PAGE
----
We ask ECHA to exclude uses of NMP as synthesis solvent in organic chemistry in case of inclusion of NMP in Annexe XIV or to evaluate the alternative of the restriction procedure for this substance for the uses identified as dangerous for workers and consumers.



Thank you for the additional information on the use and regulation of NMP in pharmaceuticals.


Provided that the substance is identified as SVHC, the information on use, exposure and availability of alternatives will be taken into account at later stages of the risk management process.


28

2011/04/07

Member State
Germany

The German CA supports the proposal to identify N-methyl-2-pyrrolidone as SVHC.

Page 14: For the synthesis of 1-methyl-2-pyrrolidone Wikipedia has been cited and the authors do not make any reference to acknowledged primary sources. It is therefore recommended to refer to a reliable primary source, e.g Kirk Othmer -Encyclopedia of Chemical Technology, Volume 13, p. 1060.



Thank you for providing your opinion.


Provided that the substance is identified as SVHC, the additional information on manufacture, use, exposure and availability of alternatives will be taken into account at later stages of the risk management process.

27

2011/04/06

Company
Gaylord Chemical Company
United States

The document is well written, and agrees with our understanding of the concerns associated with N-methyl pyrollidone use.

Thank you for the information regarding dimethyl sulfoxide as alternative substance to NMP.

Provided that the substance is identified as SVHC, the information on use, exposure and availability of alternatives will be taken into account at later stages of the risk management process.


See also:

Comment 27 attachment (DMSO as NMP alternative.pdf).pdf

25

2011/04/06

Company
Shasun Pharma Solutions Ltd
United Kingdom

p.17 Uses of the substance

See reply below.

23

2011/04/06

Industry or trade association

United States

The National Electrical Manufacturers Association (NEMA), representing manufacturers of electrical and medical imaging equipment, appreciates the opportunity to comment on behalf of its Magnet Wire Section on the current consultation for proposed substances of very high concern (SVHCs). Magnet wire is absolutely integral to the efficient production, conversion, and management of electrical energy. Some of the most advanced insulations for magnet wire rely on use of NMP as a raw material input. Reducing accessibility of NMP could negatively impact magnet wire production, which would be entirely counterproductive to the ongoing worldwide drive for more intelligent management of energy.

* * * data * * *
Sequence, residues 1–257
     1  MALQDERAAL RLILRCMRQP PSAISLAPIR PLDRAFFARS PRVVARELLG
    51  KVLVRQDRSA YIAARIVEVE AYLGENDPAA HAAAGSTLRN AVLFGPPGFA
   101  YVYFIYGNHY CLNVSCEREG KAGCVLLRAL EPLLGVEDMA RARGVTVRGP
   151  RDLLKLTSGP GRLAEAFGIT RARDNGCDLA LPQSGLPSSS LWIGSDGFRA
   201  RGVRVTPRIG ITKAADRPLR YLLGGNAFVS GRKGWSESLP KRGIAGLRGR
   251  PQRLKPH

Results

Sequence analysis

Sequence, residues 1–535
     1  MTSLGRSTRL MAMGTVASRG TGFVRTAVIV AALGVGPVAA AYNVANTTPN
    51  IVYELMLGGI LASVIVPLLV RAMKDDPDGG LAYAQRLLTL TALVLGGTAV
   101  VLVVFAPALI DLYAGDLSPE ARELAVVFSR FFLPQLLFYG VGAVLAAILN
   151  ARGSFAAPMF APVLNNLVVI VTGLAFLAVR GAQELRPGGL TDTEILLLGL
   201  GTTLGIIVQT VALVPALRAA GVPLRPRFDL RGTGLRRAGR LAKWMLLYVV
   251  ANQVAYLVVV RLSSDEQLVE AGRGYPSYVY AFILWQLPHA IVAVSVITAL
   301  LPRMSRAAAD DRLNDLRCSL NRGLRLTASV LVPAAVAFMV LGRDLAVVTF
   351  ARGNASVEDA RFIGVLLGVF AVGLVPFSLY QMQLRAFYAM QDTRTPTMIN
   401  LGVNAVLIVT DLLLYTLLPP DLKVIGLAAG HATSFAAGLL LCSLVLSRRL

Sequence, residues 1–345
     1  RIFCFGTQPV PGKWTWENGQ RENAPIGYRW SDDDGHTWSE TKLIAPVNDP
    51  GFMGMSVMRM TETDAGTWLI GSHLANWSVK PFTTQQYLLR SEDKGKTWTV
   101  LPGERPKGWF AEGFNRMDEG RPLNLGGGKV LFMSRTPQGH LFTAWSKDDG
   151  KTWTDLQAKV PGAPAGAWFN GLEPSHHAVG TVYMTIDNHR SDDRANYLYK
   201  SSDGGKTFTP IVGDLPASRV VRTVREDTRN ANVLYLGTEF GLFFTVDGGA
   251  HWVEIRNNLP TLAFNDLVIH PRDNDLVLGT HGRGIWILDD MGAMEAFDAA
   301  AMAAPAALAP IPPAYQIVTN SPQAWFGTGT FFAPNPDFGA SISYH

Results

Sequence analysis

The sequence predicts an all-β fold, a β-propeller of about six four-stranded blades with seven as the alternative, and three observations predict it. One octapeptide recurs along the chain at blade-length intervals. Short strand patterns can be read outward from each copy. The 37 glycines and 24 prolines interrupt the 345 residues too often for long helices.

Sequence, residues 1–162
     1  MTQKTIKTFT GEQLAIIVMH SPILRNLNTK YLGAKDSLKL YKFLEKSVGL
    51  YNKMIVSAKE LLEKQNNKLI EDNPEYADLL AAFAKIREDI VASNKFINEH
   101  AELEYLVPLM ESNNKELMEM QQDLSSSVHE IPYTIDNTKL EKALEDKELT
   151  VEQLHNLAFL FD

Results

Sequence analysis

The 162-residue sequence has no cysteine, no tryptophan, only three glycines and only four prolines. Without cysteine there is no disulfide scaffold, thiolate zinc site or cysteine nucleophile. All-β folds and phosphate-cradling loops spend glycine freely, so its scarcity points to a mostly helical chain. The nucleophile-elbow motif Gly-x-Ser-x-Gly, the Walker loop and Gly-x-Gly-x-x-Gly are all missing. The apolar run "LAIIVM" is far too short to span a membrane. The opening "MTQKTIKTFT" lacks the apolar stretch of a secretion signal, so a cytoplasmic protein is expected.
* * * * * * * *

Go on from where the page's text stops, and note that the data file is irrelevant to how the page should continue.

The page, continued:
Thank you for the additional information.


Provided that the substance is identified as SVHC, the information on use, exposure and availability of alternatives will be taken into account at later stages of the risk management process.


24

2011/04/06

Member State
Norway

The Norwegian CA supports that 1-methyl-2-pyrrolidone should be identified as a substance of very high concern and should be included in the Candidate list.

Thank you for providing your opinion.


22

2011/04/06

Member State
Netherlands

The NL-CA supports the proposal to include 1-methyl-2-pyrrolidone in the candidate list of substances of very high concern.

Thank you for providing your opinion.


20

2011/04/06

Company

France

Ipsen Pharma SAS agrees and supports with the Astra Zeneca comments on the proposal not to include 1-Methyl-2-pyrrolidone [N-methyl pyrrolidone, CAS 872-50-4] on the REACH SVHC Candidate List for the use of NMP as a solvent as described in the Annex XV Dossier.

NMP is a particularly useful solvent frequently used in the chemical synthesis of Active Pharmaceutical Ingredients and associated intermediates. Existing regulation under the Solvent Emissions Directive means that use of NMP within pharmaceutical manufacturing is restricted to those applications where there is no feasible alternative. A lack of alternative solvents without the same hazards as NMP means that placing NMP on the SHVC Candidate List and potential prioritisation for inclusion in Annex XIV would, in certain circumstances, push the pharmaceutical industry towards using alternatives that present a higher risk to both worker health and the environment than NMP.

(Source Astra Zeneca)
(Refer to Astra Zeneca position paper)

Thank you for the additional information on the use and regulation of NMP in pharmaceuticals.


Provided that the substance is identified as SVHC, the information on use, exposure and availability of alternatives will be taken into account at later stages of the risk management process.



See also:

Comment 20 CONFIDENTIAL attachment

17

2011/04/06

Company
Mitsubishi Chemical Corporation
Japan

P.12 Part I 2 HARMONISED CLASSIFICATION AND LABELLING
We have no comment on the hazard assessment/classification content of the Annex XV dossier, but consider there are important omissions in sections 2 and 4.

See reply below.

16

2011/04/06

Company
Teijin Aramid BV
Netherlands

None.

-

15

2011/04/06

Company
Teijin Aramid BV
Netherlands

None.

-

14

2011/04/06

Company

France

Functions of the substance as excipient not covered in the Annex XV Dossier (section 2.7 page 30)

Please refer to the Ipsen Pharma SAS’s attachment for further explanations.

Focus seems to be given to the use of NMP as a solvent engaged in manufacturing processes (extraction, purification and crystallization) in the Annex XV Dossier but not as an “inactive ingredient” or excipient.
The use of NMP as excipient for injectable drug products is not correctly covered in the Annex XV Dossier.